The Third Line
Huda Lutfi occupies a strange space in the art world. Find out more about her gallery.
Endless is the word. The artist has meticulously copied, cut and pasted a particularly iconic shot of the Egyptian singer, then attached flinging arms to her head, painted dashes of colour that shoot from her fingers and eyes, and reinvented her into a style similar to that of a Hindu or ancient Egyptian deity. The effect is kaleidoscopic at first but there is a slight sense of overkill, as soon Umm Kulthum slips onto the head of the Statue of Liberty, four cross-legged guru characters and even driving a shiny black car.
But Lutfi’s skill would seem to be this repetition. By repeating her subject over and over again, the artist begins to strip away the celebrity that is Kulthum. Soon, her face becomes freed from those brackets. She becomes a face; warm and cold, reflective and strong, looking to the future and yet oddly nostalgic. Lutfi is making Kulthum into an archetype, something like a Mother Egypt figure.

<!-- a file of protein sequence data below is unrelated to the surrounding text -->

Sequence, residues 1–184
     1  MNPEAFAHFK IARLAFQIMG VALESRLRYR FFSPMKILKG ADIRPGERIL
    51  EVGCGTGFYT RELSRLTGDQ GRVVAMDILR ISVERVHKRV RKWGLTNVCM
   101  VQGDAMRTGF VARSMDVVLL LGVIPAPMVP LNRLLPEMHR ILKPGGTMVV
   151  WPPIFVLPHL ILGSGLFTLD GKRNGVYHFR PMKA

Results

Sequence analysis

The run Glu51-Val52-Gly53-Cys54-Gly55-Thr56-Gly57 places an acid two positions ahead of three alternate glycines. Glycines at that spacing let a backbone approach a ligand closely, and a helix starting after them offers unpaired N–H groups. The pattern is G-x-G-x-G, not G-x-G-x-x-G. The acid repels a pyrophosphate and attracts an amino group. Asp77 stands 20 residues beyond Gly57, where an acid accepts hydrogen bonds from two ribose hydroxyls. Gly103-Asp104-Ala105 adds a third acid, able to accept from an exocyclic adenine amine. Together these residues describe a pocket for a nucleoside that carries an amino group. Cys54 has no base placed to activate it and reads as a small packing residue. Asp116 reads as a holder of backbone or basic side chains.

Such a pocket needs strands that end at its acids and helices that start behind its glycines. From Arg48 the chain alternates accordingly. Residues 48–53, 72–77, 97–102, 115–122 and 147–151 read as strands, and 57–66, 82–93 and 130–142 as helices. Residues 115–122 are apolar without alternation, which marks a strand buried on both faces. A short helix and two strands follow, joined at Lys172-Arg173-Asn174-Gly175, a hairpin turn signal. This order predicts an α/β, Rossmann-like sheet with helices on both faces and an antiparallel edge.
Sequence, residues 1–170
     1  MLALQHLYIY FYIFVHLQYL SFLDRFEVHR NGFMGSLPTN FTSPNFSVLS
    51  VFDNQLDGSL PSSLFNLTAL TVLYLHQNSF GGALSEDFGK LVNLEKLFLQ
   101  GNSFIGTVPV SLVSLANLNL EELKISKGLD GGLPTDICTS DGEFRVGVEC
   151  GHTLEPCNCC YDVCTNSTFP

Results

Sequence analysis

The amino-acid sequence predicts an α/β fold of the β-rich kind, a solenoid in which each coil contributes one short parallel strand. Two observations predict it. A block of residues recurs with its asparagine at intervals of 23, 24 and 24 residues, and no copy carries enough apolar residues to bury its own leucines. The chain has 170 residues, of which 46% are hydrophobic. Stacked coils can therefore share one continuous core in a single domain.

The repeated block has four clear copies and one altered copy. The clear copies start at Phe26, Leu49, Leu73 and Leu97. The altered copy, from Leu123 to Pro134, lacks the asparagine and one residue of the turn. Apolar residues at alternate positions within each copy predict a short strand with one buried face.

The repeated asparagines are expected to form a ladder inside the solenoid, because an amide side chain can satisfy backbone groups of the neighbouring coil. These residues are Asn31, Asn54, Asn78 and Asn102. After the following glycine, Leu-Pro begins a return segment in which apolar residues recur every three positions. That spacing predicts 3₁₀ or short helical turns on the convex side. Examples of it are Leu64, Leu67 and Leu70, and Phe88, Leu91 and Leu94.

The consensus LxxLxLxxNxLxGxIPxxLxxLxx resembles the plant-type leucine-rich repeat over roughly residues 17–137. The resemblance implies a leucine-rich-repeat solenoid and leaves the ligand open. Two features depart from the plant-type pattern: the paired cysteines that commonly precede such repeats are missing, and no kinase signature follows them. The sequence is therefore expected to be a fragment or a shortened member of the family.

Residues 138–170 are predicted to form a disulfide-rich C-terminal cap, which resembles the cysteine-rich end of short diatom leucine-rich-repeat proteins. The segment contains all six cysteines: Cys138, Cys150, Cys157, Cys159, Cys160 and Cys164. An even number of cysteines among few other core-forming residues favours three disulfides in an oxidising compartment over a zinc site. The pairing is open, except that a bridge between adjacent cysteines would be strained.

There’s a suggestion at the start of the exhibition that the artist’s interests lie in the repetition, the trance-like use of language and lettering found in Sufic traditions, but the works themselves give a greater clue. The mandala series, included in the show, are some of the best – they are mandalas to celebrity, in the manner that Buddhist monks would endlessly repeat highly intricate patterns so as to concentrate on nothing, to free the mind from its fog. The artist appears to have done the same with the visage of Umm Kulthum, repeating her ad nauseam to fade her cultural relevance.
Some of the small inclusions (particularly the bottles pieces) do fall a bit flat. And the bare breasts, cast in resin, wrapped in paper and furiously written across in calligraphy to read, ‘I Speak So You Can Understand Me,’ are a smart if slightly literal addition to this overwhelming but kaleidoscopic expression of Lutfi’s ideas.
The Third Line (04 341 1367), Al Quoz 3. Until December 4